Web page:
The “Welfare Queen” Legend



My Republican acquaintances complain about the government taking their hard earned money to give to lazy layabouts. And they like to trot out the myth of the “welfare queen” who gets rich by having numerous babies.

You probably won’t see this nonsense debunked in the mainstream media. News outlets have discovered that they won’t build audiences by reporting the sober truth but by firing up fake “controversies.”

As I’m sure you’ve figured out,  the facts do not support the notion that your tax money keeps millions of lazy Americans undeservedly enjoying a life of luxury.

Ronald Reagan created the “welfare queen” legend back in 1976, when he cited the case of a Chicago woman who “used 80 names, 30 addresses and 15 telephone numbers to collect food stamps, Social Security, veterans’ benefits for four nonexistent deceased veteran husbands, as well as welfare.”

He added that her tax-free cash income alone “has been running at $150,000 a year.”

Reagan didn’t make up the story. There was a real “welfare queen.” Her name was Linda Taylor (photo above), and she was featured in the Chicago TribuneAnd yes, she did own such luxurious items as jewelry, furs and a Cadillac.

But Taylor was a career criminal, and welfare fraud was just one of her many illegal activities. She was even suspected of murder. And she was convicted and jailed for her welfare fraud.

Criminals abound in our society, and they prey on all kinds of government programs, from Medicare to food stamps. But it’s not just the government that gets victimized. Every aspect of society is fair game for crooks.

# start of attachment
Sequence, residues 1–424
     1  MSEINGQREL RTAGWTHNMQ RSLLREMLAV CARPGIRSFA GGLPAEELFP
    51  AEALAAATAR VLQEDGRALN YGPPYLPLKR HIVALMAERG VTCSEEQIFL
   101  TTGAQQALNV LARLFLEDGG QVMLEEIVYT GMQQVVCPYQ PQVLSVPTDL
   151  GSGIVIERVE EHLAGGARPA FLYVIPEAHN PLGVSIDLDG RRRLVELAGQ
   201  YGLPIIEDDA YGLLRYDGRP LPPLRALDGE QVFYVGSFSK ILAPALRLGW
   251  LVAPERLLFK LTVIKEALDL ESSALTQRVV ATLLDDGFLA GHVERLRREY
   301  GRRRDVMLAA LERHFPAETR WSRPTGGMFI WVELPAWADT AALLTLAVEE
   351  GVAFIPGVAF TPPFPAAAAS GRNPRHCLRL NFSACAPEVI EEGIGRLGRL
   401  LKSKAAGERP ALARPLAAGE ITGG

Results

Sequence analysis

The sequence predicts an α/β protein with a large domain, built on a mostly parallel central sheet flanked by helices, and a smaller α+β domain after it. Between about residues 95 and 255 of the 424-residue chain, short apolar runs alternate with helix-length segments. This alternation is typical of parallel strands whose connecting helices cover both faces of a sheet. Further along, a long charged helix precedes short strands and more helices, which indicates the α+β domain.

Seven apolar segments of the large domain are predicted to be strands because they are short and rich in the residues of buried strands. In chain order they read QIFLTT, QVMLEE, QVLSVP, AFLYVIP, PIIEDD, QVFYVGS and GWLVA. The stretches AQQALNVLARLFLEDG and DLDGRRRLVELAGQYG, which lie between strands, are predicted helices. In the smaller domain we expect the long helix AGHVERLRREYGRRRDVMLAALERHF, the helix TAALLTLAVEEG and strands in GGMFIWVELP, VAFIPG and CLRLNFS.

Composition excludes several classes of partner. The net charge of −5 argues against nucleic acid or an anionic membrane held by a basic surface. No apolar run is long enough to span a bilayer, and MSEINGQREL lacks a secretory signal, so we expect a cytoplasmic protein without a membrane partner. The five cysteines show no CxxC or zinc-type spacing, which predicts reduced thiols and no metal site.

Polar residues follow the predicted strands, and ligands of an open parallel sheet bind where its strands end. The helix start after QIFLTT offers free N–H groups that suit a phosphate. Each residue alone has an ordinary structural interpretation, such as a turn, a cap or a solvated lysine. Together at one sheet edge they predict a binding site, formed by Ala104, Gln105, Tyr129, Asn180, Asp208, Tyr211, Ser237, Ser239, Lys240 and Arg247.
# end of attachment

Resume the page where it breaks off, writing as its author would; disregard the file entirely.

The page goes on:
For example, I suspect there’s as much – or more – fraud in the charity industry, where grifters sometimes rake in millions for “administrative expenses.”

Believe me, law enforcement agencies are aware of welfare fraud, and relentlessly crack down on it.

Besides, welfare programs don’t just provide compassionate relief to the disabled and impoverished. They also enable individuals who are down on their luck to recover their earning ability and – as my sister-in-law Faye puts it – “become tax payers instead of tax takers.”

So I was encouraged to find a brief and simple explanation of America’s welfare programs among this morning’s emails. It was sent out by a group called “About News.” Their web site is owned by IAC (for InterActiveCorp.).

They don’t seem to be a political propaganda organization. Wikipedia says they are associated with the Home Shopping Network.

The email I received lists the various welfare programs available in America, and they are far from generous. To get welfare, a family of four must have an income below  $24,300 a year, for example. I would like to see my Republican acquaintances live on that.

Anyway, in case you’re interested, I am providing a link to the article. It might help you respond to your Republican acquaintances when they berate welfare recipients.

Click for the “About” article.

Click for the real Welfare Queen.

Click for more on